ancient food

April 2, 2018

By FEMA Staff

Spices and flavors have been used for thousands of years all over the world, beginning when people used simple herbs or spices to flavor their food.  Today, the flavor industry is comprised of hundreds of companies all over the world.

How did the flavor industry grow into the complex and in-demand industry it is today?

Flavors were not always created and developed by flavorists for consumer satisfaction. Spices, herbs and flavors were used throughout history by numerous cultures for various reasons.

In prehistoric times, herbs and spices were used to enhance the flavor of food. In the Middle Ages, flavors and spices were used to preserve meats prior to the use of refrigeration. Early Egyptians are known for flavoring food with dill, cumin, marjoram, coriander, sesame, thyme and even cinnamon. They also used honey as a sweetening agent. People in Europe and the Middle East discovered how to distill and extract essential oils and resins. Even in medieval times, monks captured these essences and used them to flavor food.

Regardless of the use for spice, the flavor and spice industry has always been driven by demand. The quest for spice and flavors was one of the earliest drivers of globalization. As one of the first globally traded products, spices were extremely expensive worldwide. From the beginning, the flavor industry was integrally connected to the larger food industry in Europe, Asia, the Middle East, and now in the United States, specifically in the state of New Jersey where many flavor companies reside.

How did so many flavor companies settle in New Jersey?

Hundreds of years ago, spices and flavors were mostly traded through the Dutch trading companies, which delivered to ports in New York City. As the landing place for this highly desired product, businesses flocked to the Big Apple.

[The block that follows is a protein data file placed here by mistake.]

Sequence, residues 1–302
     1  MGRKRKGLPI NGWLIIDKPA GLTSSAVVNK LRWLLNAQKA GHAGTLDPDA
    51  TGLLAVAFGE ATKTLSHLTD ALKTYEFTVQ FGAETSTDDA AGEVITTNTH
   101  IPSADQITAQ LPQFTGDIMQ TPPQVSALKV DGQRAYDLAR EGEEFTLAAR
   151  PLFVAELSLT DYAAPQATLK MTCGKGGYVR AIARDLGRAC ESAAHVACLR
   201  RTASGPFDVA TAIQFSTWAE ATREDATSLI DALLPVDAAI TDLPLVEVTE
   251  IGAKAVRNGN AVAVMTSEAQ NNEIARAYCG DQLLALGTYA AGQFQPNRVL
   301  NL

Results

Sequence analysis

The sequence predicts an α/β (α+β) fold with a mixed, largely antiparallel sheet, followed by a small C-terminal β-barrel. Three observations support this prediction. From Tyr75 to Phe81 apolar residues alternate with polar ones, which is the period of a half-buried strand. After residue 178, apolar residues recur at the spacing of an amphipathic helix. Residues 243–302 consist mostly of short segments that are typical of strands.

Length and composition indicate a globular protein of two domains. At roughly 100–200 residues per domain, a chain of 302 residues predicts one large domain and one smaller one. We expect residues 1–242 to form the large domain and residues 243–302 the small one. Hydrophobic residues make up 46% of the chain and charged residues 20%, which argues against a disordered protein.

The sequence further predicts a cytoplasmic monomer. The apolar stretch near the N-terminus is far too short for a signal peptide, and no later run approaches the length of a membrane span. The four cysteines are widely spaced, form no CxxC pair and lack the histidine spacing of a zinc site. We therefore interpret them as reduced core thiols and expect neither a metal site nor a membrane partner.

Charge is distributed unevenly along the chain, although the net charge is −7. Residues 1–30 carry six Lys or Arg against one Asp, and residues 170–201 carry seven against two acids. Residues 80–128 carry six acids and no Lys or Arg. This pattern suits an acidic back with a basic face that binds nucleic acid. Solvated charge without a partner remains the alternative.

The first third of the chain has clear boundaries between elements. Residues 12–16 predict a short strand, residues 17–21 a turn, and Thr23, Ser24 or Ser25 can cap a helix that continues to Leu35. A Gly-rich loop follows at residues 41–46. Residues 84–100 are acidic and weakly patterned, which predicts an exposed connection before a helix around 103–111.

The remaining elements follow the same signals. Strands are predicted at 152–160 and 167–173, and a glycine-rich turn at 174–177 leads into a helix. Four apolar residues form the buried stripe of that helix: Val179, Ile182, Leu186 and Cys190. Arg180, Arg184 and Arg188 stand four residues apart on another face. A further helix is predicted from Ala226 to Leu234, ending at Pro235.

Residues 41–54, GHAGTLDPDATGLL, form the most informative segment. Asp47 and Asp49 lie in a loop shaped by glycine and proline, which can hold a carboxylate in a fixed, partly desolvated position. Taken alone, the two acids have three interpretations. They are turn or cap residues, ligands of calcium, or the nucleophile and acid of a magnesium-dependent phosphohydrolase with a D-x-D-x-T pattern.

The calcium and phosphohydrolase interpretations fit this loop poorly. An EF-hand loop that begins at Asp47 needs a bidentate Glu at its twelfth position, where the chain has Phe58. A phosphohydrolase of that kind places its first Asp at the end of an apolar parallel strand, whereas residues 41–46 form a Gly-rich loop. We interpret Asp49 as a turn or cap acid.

While New York is a large city, there is only so much room for businesses to prosper. As the city grew more crowded and increasingly expensive, businesses moved to the other side of the Hudson River. That is how the flavor industry settled in New Jersey.

Major flavor companies from all over the world maintain their facilities there and Rutgers University is one of the premier training institutions for top flavorists. Even Switzerland-based Givaudan, the world’s largest flavor company, has facilities in two separate New Jersey locations. Today, the Garden State may as well be called the Flavor State.

How does the industry continue to grow?

Flavor companies partner with major food companies such as Unilever, Kraft Foods Inc., ConAgra, and Nestlé SA to create new and unique flavor experiences for their products. Companies manufacturing well-known brands spend a great deal of time understanding what consumers desire before introducing new flavor profiles into their foods and beverages. Through surveys, focus groups, and random testing, they have an understanding of the marketplace and which flavors will be acceptable and which will not. Consumers remember the experience of tasting unique and delicious flavors, and food companies want to supply that experience. The supply and demand has led the flavor industry to become a multi-billion dollar industry.

The Flavor and Extract Manufacturers Association of the United States (FEMA) was founded in 1909 and is the national association of the U.S. flavor industry. FEMA’s membership is comprised of flavor manufacturers, flavor users, flavor ingredient suppliers, and others with an interest in the U.S. flavor industry. The association is committed to ensuring a safe supply of flavor ingredients used in foods and beverages enjoyed by billions of men, women, and children around the world.